In the absence of one of its main promoters, the great expo Pintores Modernos Cubanos / Cuban Modern Painters was inaugurated in the Museum of Modern Art of New York (MoMA), organized and cured by José Gómez Sicre. The exhibition was made up by 75 oils, drawings and watercolors by thirteen renowned masters of Cuban painting, among them Fidelio Ponce, Amelia Peláez, Carlos Enríquez and Cundo Bermúdez.

María Luisa decided to close the Paseo del Prado gallery in Havana and traveled to Mexico.

A gradual deterioration of the Carreño matrimony began to take place, being inevitably dissolved on December 11, 1944; the sentence was made effective by the first level court of the north of the city of Havana on March 5, 1945, as registered in the Civil Registry of the North, today Civil Registry of La Habana Vieja, in Havana (Leaf 225 – Volume 74).

Carreño lectured at the New School for Social Research in New York. He met María Luisa Bermúdez.

1945. Carreño was invited by Mr. Dewitt Peters, director of the Centre d’ Art de Haiti, to bring an exhibition to that art center in Port-au-Prince, where a show on Cuban painting was to be held. “But the day when I was supposed to leave for Haiti I received a telex from Mr. Peters informing me that I should not travel because a revolution had broken out in that country, this being a further contribution to the history of American surrealism. Those were the days of President Gérard Lescot. Years later I traveled through that country, but no traces were left of the Centre d’ Art and Mr. Dewitt Peters had died”.

He exhibited part of the works destined for Haiti at The Pan American Union of Washington D.C.
He regularly visited the National Gallery museum, where he found true treasures of Italian primitive art.
He exhibited at the Museum of Art of San Francisco, California.

He took part in the First Salon “Vicente Escobar”, Salons of the National Anti-Fascist Front, Acera del Louvre, Havana, Cuba.

His works were included in the painting collection of the Cuban Legacy in Moscow, Russia.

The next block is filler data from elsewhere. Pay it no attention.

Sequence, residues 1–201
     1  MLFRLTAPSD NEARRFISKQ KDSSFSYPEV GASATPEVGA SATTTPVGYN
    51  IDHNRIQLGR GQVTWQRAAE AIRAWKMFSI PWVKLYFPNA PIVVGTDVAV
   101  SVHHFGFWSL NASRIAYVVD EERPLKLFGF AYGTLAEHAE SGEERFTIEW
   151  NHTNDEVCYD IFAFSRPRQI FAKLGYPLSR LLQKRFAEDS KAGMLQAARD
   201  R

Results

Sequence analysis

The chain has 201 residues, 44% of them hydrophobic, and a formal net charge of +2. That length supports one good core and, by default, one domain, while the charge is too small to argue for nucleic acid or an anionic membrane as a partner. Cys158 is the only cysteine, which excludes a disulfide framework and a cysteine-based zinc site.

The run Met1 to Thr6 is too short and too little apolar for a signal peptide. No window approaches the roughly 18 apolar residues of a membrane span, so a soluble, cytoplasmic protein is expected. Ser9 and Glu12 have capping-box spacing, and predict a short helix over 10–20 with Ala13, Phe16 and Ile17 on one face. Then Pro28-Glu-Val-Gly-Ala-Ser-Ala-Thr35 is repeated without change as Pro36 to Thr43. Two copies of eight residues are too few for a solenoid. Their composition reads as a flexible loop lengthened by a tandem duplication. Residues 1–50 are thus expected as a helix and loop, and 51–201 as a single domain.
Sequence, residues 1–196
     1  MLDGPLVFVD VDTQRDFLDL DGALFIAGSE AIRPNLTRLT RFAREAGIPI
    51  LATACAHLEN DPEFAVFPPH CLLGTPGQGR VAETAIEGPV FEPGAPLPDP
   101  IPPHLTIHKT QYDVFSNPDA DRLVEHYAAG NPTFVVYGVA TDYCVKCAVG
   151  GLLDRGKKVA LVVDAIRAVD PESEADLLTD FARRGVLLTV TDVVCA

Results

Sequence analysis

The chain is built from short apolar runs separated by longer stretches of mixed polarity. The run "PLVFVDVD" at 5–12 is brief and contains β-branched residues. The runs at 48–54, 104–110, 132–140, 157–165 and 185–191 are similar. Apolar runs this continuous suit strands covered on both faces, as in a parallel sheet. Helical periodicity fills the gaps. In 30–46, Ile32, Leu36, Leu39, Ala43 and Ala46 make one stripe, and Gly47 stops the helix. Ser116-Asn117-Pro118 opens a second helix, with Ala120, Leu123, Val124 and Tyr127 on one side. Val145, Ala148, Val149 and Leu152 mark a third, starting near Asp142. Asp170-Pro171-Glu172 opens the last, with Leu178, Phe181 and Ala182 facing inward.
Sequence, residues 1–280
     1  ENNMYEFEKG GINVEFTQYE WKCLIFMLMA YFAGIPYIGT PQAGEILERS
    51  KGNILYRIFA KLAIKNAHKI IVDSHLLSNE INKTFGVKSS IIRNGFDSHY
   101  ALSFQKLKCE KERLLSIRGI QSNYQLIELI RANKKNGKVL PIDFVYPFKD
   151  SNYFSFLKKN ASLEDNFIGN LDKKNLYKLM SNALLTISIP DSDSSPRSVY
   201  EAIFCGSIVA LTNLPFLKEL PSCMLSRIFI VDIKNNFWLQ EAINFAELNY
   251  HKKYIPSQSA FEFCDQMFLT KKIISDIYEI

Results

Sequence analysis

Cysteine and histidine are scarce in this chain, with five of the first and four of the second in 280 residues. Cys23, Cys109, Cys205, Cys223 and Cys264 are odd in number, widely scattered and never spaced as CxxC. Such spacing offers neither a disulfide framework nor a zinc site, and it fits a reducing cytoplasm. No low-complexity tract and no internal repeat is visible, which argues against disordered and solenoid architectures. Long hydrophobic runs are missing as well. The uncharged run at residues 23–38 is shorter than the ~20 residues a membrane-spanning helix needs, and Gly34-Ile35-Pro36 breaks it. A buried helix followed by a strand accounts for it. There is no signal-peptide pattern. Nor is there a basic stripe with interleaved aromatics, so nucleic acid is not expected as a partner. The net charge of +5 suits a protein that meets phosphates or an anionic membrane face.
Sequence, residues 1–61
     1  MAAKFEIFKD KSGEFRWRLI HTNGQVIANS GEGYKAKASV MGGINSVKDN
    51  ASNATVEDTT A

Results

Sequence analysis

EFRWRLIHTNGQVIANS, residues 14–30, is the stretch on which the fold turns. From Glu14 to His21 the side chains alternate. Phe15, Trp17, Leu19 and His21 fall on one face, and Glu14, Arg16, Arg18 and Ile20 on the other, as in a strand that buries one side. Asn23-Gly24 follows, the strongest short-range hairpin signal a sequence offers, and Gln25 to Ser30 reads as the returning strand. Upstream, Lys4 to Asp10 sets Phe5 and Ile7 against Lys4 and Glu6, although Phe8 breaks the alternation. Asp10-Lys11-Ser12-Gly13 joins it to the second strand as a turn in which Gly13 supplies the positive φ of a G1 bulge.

1946. He worked with great dedication in his New York studio. He maintained constant communication with Havana.

He continued to have contact with the New School for Social Research in New York.

He exhibited in the William Rockhill Nelson Gallery, Kansas City.

He obtained the purchasing price of the Modern Publicity Contest, sponsored by the Container Corporation of America, in Chicago.

He was part of the expo 11 Cuban Painters, presented in La Plata Museum of Fine Arts, National Exhibition Halls, Buenos Aires, Argentina.

1947. His painting began to show quite a personal style, “detached from the compositional effect drawn or inherited from the classic Renaissance background that appeared since I arrived from Europe. It became less heavy, introducing some color surfaces where tropical characters gradually emerged who could be peasants, plants or animals forming like a network of less complicated drawings with a basic design, which could recall pre Columbian tapestries and forms”.

During a brief stay in Havana and shortly before departing for Santiago de Chile, Carreño participated in a group exhibition of paintings organized in August at the Nautical Casino of Cojímar, in Havana, under the title of Colors and People from Cojímar, where, in addition, pieces by Cundo Bermúdez, Leopoldo Romañach, Luis Martínez Pedro, Felipe Orlando, Carlos Enríquez, Víctor Manuel, Enrique Labrador Ruiz, Alfredo Lozano and Armando Maribona were exhibited, as well as by Max Jiménez, a solo show of whom was initially conceived to take place there but was not carried out due to his ever more critical health condition that led to his death shortly after this exhibition, on May 3, in the city of Buenos Aires, Argentina.

The Pan American Union in Washington edited a monographic work of his creation, with a text by art critic José Gómez Sicre.

He exhibited again in Perls Galleries, New York: Carreño: Recent Paintings.

1948: First visit to Chile.

He exhibited in the Pacific Hall in Santiago. He was fascinated by the beauty of the landscape with the huge mountain chain of Los Andes, “which erases the horizon”.

Due to the intense cold he got ill with pneumonia. “I was so cold that the only thing I wished was to be at a Cuban beach and tan in the ardent tropical sun, under a palm tree”.

He exhibited in the Chilean North American Institute, Santiago de Chile.

Moderna, Museum of Fine Arts, Caracas, Venezuela.

1949. He felt a great “need of the Tropics, and my nostalgia for the Caribbean had no limits. From that nostalgic experience emerged the book Antillanas, published that year by the Pacífico Publishing House. Later, as time went by, those drawings became themes for watercolors and oils, which I exhibited in different galleries”.

He took advantage of Santiago’s proximity to Buenos Aires and exhibited his paintings in the Samos and Bonino gallery, in the Argentinean capital.

He returned to New York yearning to paint and “ponder”’ over South American memories. He rented a studio that belonged to engraver Peterdy. It was located opposite Central Park (370 Central Park West). In his autobiography he recalled that the workshop was so roomy that, in addition to painting, it was possible for him to teach there, as a form of improving his economy.